Bronx, N.Y., July 19, 2009 — Forty-three ex-Yankee players took the field for the Old Timers Game in Yankee Stadium Sunday afternoon, and they were joined by the widows of four more. The stars played through three innings to a 5-2 win by the Clippers over the Bombers, and although routine fly balls fell for hits and grounders sneaked through the infield, there were a few flashes of the brilliance we’ve witnessed before. Present were most of the usual suspects, but I was thrilled to see reliable reliever Lindy McDaniel from my youth, and Charlie Hayes and Chad Curtis, who between them corralled the last outs of the 1996 and 1999 Championships. It was good, too, seeing Mike Mussina looking younger than all those around him, quite a change from the last few years, and the irascible Don Zimmer, whose presence on the Yankee bench was a comforting sight for so long.
It was particularly poignant for some long-time Yankee fans who received our baptism to this wonderful game in the Baseball Cathedral across 161st Street. Reveling in the highlights of yesteryear and the stars who brought them to us, it was hard not to question the wisdom of all the newness around us. But change is the word in 2009. It’s a new Stadium, this annual love fest was held on a new day (Sunday rather than the usual Saturday), and both the celebration and the game that followed were begun earlier than what we’ve become accustomed to. But happy with all the changes or not, it was special to see by the end of the day that great Yankee Baseball is still around.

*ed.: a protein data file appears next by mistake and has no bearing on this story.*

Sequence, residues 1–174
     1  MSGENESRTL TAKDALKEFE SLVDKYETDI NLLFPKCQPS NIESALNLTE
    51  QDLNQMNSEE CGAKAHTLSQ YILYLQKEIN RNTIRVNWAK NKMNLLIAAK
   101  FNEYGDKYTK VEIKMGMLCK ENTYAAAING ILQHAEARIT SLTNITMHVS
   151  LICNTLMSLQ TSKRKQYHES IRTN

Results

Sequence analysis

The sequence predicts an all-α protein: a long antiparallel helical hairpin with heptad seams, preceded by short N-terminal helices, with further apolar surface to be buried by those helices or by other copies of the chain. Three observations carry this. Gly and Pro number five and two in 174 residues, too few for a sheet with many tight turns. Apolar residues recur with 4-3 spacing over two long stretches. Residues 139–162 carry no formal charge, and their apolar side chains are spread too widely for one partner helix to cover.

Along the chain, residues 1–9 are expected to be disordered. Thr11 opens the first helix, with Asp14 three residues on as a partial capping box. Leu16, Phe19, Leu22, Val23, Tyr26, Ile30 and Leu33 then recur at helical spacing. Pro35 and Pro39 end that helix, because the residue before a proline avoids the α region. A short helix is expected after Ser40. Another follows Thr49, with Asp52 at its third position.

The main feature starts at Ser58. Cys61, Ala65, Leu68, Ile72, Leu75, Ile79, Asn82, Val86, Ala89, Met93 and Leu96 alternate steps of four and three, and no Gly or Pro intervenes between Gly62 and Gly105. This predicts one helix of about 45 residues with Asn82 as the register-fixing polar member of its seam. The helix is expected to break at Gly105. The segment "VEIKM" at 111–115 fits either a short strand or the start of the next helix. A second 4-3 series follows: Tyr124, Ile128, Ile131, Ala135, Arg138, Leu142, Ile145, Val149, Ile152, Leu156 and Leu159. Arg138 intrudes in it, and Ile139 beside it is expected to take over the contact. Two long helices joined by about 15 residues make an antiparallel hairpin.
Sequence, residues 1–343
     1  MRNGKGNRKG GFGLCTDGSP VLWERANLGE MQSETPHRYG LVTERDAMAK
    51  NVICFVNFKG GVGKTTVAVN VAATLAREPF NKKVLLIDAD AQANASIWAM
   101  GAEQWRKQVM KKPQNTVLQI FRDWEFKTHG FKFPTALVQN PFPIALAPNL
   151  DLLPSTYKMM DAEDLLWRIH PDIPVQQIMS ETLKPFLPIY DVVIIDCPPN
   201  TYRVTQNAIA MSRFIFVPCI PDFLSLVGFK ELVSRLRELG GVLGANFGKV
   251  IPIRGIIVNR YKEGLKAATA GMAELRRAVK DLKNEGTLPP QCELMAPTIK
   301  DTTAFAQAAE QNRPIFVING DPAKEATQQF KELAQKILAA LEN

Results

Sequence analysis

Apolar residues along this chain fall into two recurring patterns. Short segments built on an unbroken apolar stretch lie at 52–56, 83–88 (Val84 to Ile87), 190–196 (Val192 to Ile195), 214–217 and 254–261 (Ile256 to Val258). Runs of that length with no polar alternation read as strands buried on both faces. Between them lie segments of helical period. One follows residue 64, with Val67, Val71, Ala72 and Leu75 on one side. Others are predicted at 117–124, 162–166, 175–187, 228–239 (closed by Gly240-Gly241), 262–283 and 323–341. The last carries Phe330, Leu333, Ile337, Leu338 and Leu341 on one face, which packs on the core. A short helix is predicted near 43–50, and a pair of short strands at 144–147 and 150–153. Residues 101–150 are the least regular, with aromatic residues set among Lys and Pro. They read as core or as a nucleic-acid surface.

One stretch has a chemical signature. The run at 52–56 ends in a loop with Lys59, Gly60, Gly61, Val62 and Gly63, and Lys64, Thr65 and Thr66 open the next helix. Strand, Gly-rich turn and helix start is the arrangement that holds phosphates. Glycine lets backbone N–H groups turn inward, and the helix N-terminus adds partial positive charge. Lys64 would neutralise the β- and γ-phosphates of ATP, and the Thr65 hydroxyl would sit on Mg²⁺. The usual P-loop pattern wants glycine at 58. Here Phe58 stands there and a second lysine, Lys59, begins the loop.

It was hard not to wonder if Joba Chamberlain would be able to shake his recent troubles. For some time this season he pitched effectively, but was driven from games early by growing pitch counts. Worse still, lately he has proved uncharacteristically hittable. Stacked against hard-throwing All Star Edwin Jackson, it looked to be more of the same when Chamberlain walked Placido Polanco with one down in the first, and promptly surrendered a single to Miguel Cabrera. He got out of it, but in 23 pitches, and walked Tigers hitters leading off both the second and third innings. But just as the frustration from the big crowd became palpable, Joba turned it around.
Ball four to Curtis Granderson was Joba’s 41st pitch, 20 strikes, 21 off the plate. Polanco received no such spread. Joba followed with nine of 11 pitches for strikes, retiring the side on a popup, strike out and grounder to the box. And the fact that Granderson was dancing down the third baseline after reaching there on a stolen base and bad throw didn’t faze him in the least. The strikes/balls ratio following the third free pass represented an astounding turnaround at 48/18. Even the booming home run young Clete Thomas drilled to the back of the right field bleachers for a 1-0 Detroit lead in the fourth did not deter Chamberlain from pounding strike after strike. He came back with a strike out and two grounders in 10 throws.